The South and Southeast does not protect the rest of the UK. Instead, it is a black hole that increasingly consumes wealth and income. If this growth model is to be socially and economically inclusive, this would require intense decentralisation and heavy investment into local economies. However, no such change seems to be a priority within the current UK political bubble.

Secondly, most of the discussion on GERS has consistently compared Scotland to the rest of the UK. This comparison is methodologically flawed as we are comparing an economic region with no monetary powers and limited fiscal levers to an entire unitary state that has full fiscal and monetary control - a point also accepted by the Fraser of Allender Institute. This accounting trick does not provide healthy analysis and nor should it be deployed by any serious economist or commentator.

Thirdly, it is adamantly wrong that Scotland receives fiscal transfers from taxpayers in the rest of the UK. To better understand why this is the case we can breakdown the accounting model of the UK exchequer to explain how the monetary system really works. I won't shy away from deep details - readers deserve a complex truth over an easy lie.

Government spending starts off in Westminster, where our politicians debate the allocating of money between each government department. Every government department holds their own account called a “Resource Account” with the Government Banking Service (GBS), where they receive their allocation of “Exchequer credits”. These credits represent how much each department can spend, so are neither commercial bank money nor central bank reserves. Exchequer credits are simply a ledger balance internal to HM Government.

After parliament has legislated its spending plans, HM Treasury is subsequently authorized to requisition sums of money from the Comptroller and Auditor General (C&AG). The C&AG will scrutinize HM Treasury’s requisitions and then contact the Bank of England to credit government departments – writing off the exchequer credits.

The Bankers' Automated Clearing System (BACS) are then contacted by the GBS to provide banking transmission services. The government department’s Resource Account acts just like a normal bank account. The government department will present its payment requirements to its GBS bank, which are then submitted into the BACS system for clearing and settlement.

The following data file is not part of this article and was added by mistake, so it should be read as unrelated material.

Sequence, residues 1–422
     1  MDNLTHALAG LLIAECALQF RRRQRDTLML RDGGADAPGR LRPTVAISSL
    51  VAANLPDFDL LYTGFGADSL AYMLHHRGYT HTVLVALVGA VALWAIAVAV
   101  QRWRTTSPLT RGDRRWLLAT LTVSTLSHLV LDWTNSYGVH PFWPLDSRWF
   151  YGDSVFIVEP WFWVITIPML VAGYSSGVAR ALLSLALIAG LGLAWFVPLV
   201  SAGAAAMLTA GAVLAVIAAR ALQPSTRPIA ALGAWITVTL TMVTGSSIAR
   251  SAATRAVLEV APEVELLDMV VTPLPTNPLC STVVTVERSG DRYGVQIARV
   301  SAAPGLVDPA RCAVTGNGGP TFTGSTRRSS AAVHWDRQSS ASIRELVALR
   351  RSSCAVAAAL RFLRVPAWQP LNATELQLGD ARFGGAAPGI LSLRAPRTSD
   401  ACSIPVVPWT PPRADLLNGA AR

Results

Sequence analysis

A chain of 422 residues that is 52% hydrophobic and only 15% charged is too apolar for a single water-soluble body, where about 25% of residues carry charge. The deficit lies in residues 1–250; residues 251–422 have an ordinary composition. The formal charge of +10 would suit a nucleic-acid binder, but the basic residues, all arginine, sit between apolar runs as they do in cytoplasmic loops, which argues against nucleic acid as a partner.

The Bank of England then issues funds from the Consolidated Fund to credit the GBS Supply Account. Importantly, the Consolidated Fund begins each business day with a zero balance. No funds are drawn upon, as instead it goes overdrawn as the Bank of England extends intra-day credit. This credit is Bank of England Money, public money.

When settlement is required for payments, the GBS Supply Account feeds sums of Bank of England money into the GBS Drawing Account. Therefore, the GBS Drawing Accounting has a money balance to settle any required payments. After three days from the BACS submission, the clearing and settlement of the government payments occurs by both the GBS Resource Accounts of the government departments whilst the GBS Drawing Account is marked down. At the same time, Reserve Accounts at commercial banks held at the Bank of England and commercial bank deposit accounts of customers are marked up.

So where does Scotland fit into all of this? The Scottish government has its own Consolidated Fund Account within the GBS. Spending mechanisms for the Scottish government’s account is like that of other government departments, except its allocation of credit is determined by the Barnett Formula.

The key take away is that the money in these accounts is not taxpayer’s money from other parts of the UK, but rather credit that is transferred from the UK Consolidated Fund to devolved accounts - as long as parliament has authorised it.

Scotland is not subsidised by other regions of the UK – this is an indisputable accounting fact.